Prime Minister David Cameron will fly to France for a crunch meeting of the G20 set to be dominated by the debt crisis in the eurozone.
The summit's host French president Nicolas Sarkozy and German chancellor Angela Merkel held emergency talks on Wednesday night with Greek prime minister George Papandreou to press him for a swift resolution to uncertainty about his country's future in the single currency, following his shock announcement of a referendum on the rescue package drawn up last week.
Mr Sarkozy and Mrs Merkel said afterwards that the next tranche of emergency loans would be withheld from Athens until after the poll - to be held early next month.
While the wording of the referendum question would be down to the Greek government, they indicated, the issue would be one of whether or not to stay in the eurozone.
Mr Sarkozy was hoping to use the G20 gathering in Cannes to persuade the rest of the world that the eurozone had taken the tough decisions needed to resolve its two-year sovereign debt crisis and to urge cash-rich exporter nations such as China to contribute towards a one trillion euro (£870 billion) European stability fund.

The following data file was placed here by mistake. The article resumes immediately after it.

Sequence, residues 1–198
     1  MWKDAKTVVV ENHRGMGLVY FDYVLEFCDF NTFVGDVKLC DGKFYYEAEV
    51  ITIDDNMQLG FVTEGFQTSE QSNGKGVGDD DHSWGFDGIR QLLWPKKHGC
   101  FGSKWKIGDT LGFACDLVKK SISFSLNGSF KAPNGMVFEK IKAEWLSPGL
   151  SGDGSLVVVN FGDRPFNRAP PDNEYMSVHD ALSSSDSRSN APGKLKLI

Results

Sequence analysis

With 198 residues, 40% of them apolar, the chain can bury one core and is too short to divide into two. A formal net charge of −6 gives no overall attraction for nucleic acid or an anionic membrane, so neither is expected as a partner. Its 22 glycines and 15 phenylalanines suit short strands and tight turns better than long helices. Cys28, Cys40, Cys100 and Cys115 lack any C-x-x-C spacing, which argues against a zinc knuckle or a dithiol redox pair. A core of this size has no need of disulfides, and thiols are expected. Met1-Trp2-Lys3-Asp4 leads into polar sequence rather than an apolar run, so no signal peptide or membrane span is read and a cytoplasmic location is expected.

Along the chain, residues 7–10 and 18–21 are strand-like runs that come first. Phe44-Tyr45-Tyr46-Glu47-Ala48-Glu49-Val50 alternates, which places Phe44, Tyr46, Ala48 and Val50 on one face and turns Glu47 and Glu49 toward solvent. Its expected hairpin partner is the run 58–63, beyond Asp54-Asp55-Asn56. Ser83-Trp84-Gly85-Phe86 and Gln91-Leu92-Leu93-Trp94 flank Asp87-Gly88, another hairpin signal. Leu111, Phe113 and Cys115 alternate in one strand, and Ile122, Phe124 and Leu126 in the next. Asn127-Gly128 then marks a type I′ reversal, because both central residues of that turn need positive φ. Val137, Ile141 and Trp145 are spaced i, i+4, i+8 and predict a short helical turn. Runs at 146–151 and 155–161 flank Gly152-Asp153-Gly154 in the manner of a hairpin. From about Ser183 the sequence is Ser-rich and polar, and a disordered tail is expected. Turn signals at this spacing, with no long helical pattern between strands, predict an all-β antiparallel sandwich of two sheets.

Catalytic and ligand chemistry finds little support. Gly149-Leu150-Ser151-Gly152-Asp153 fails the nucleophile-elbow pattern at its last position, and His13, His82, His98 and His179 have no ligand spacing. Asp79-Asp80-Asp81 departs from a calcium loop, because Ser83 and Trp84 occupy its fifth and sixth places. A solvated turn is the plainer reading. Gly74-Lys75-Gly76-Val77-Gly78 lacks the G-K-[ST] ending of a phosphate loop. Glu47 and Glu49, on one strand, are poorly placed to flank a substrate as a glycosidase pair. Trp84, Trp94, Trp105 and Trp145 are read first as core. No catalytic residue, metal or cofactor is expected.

But Mr Papandreou's decision to seek endorsement from voters for the rescue deal - which envisages a 50% write-down of Greek debt but will mean years of austerity - has thrown his plans into disarray by panicking markets around the world and plunging Europe back into weeks of uncertainty.
Mr Cameron and Chancellor George Osborne have made clear that Britain will not contribute to the eurozone bailout fund for Greece or any International Monetary Fund (IMF) support targeted at shoring up the single currency.
But the UK is ready to support an increase in overall IMF funding, which could see more British taxpayers' money going into loans to rescue individual European countries facing financial meltdown. At present, the UK provides £29 billion of the IMF's 950 billion US dollar (£600 billion) lending capacity.
Sources rejected suggestions that UK reluctance to offer financial support for the eurozone bailout left the Prime Minister a "spectator" at the summit.
Mr Cameron is said to see it as important for Britain to maintain pressure on the eurozone to sort out its problems and to encourage the G20 nations - who together make up 85% of world GDP - to send a clear message that they are committed to taking the action necessary to boost confidence and support global economic recovery.